It has been two weeks since a young man named Mohamed Bouazizi doused himself in gasoline and set himself on fire in the southern Tunisian city of Sidi Bouzid. This, after police confiscated his market stall, the sole source of income for Bouazizi and his family. The incident sparked anti-government protests and clashes with police across the country. It has also highlighted the growing problem of unemployment in Tunisia, which the World Bank estimates at just under 15 percent, more than double the 6.4 percent rate for other middle income countries.
Recent university graduates are among those most affected. The World Bank says 46 percent of educated youths are still unemployed a year and a half after graduating. Dr. Larbi Sadiki, a senior lecturer in Middle East politics at Britain’s University of Exeter and author of The Search for Arab Democracy: Discourses and Counter-Discourse, told VOA’s Cecily Hilleary he believes the unrest signals that Tunisians are beginning to lose their fear of the government of President Zine el Abidine Ben Ali.
Listen to the full interview with Larbi Sadiki:
Hilleary: The protests coincide with the release of WikiLeaks about Tunisia diplomatic cables which, among other things, describe an excess of wealth in the presidential family. Is there a correlation?
Sadiki: I think the WikiLeaks moment is an important moment in that it brought to the fore what people have already suspected about corruption within the ruling family in Tunisia.
But I think essentially the protest has been sparked by disaffection. People basically need bread. They need employment. It raises questions about the kind of education Tunisia has got in place; about mal-distribution, about the “slicing of the cake,” as it were - who’s getting what, where, in Tunisia.
Hilleary: And who is getting “what, where?”
Sadiki: That is really the question. I think historically, the South has been neglected. And this is not uniquely, to be fair to [President Zine El Abidine] Ben Ali and his people, the mistake of current regime. From the time of independence, if you take, for instance, the example of central phosphates basin towns: There is lots of production of phosphates. Phosphates were basically sold in the international market.
But the huge financial outlays were not directed for development within those areas. They were directed to development in the coastal areas in the North. That created a huge gap between North and South. You know the cliché “North-South divide” is really nicely mapped out in Tunisia…and the government has not really done much to level the playing field.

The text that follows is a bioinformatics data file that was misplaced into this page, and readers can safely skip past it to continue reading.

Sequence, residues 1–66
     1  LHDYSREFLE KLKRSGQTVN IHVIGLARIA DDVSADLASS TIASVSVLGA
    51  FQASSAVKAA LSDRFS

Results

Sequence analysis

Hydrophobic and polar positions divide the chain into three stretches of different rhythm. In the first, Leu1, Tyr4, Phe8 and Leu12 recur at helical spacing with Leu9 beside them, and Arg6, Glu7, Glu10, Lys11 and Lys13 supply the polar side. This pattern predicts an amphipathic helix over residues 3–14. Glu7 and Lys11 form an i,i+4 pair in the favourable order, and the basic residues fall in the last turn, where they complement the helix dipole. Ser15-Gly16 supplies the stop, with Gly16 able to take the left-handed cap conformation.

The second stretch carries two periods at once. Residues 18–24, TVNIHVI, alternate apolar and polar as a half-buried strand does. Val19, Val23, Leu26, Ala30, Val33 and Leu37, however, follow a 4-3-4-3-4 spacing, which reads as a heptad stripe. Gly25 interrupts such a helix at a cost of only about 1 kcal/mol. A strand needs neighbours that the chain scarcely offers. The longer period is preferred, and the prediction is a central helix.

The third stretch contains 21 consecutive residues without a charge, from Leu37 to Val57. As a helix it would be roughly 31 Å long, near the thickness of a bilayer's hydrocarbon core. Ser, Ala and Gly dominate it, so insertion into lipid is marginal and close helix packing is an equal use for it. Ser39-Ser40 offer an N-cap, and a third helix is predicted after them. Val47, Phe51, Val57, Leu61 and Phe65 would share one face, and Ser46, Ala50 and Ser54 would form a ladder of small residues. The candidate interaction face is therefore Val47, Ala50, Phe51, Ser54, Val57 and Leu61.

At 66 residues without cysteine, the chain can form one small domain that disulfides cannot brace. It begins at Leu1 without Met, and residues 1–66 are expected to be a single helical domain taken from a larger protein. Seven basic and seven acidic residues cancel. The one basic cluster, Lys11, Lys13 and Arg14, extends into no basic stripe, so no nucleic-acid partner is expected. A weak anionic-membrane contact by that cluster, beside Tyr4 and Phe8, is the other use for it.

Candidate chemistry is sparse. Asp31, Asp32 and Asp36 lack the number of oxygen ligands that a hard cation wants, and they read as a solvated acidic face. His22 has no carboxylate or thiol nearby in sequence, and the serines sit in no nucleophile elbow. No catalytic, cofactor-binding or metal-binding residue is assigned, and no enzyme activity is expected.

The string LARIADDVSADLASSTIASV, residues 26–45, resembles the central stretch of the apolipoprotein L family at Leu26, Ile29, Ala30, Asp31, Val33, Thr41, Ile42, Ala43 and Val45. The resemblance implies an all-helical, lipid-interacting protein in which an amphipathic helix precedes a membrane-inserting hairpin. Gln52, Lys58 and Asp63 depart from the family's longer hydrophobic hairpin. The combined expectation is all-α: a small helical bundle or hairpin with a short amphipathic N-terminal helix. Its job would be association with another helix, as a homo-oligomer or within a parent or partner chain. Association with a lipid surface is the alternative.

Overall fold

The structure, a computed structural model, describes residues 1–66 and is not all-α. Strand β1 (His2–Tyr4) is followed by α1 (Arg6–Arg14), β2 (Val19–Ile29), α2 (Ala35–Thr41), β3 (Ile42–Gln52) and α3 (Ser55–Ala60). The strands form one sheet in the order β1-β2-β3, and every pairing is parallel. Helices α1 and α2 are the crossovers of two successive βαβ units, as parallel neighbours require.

Hilleary: Unemployment is a tremendous problem in Tunisia. The World Bank sets it at around 15 percent overall and higher among youth. Are these figures accurate?
Sadiki: I think in some places, it could probably be as much as much as 30, 35 percent in the South, where people really have got nothing. Of course, Tunisia has invested so much in tourism, but tourism today actually is only partly Tunisian-owned, and I think this is a big problem. The [bulk] of the profits [does] not stay in Tunisia. They create some employment - there’s lots of cheap labor, but there is not actually reinvestment of the proceeds from tourism into Tunisia to create more jobs for the youth.
And there’s also the educational system, …if you have 70 to 85 thousand graduates every year from different universities - highly skilled labor - but there’s no labor market to absorb these huge numbers.
Hilleary: Do you see President Ben Ali weakening?
Sadiki: Definitely. There is an amazing image and for me, this is the picture of 2010 in Tunisia: [President Zine El Abidine] Ben Ali visiting [Mohamed] Bouazizi in a Tunis hospital - the young man who doused himself in petrol, who sparked the riots.
And it was really a powerful moment, because here we have a patient, a man basically bandaged, probably dying - we don’t really know yet; he’s seriously burned and the president’s looking at him. I mean, I just feel the president is really looking at Tunisia, Tunisian society. It’s tempting to say the caption for this, “Who is the patient?” Is it the regime, the body politic of Tunisia? Or is it actually the victim, Bouazizi? It’s an incredible moment.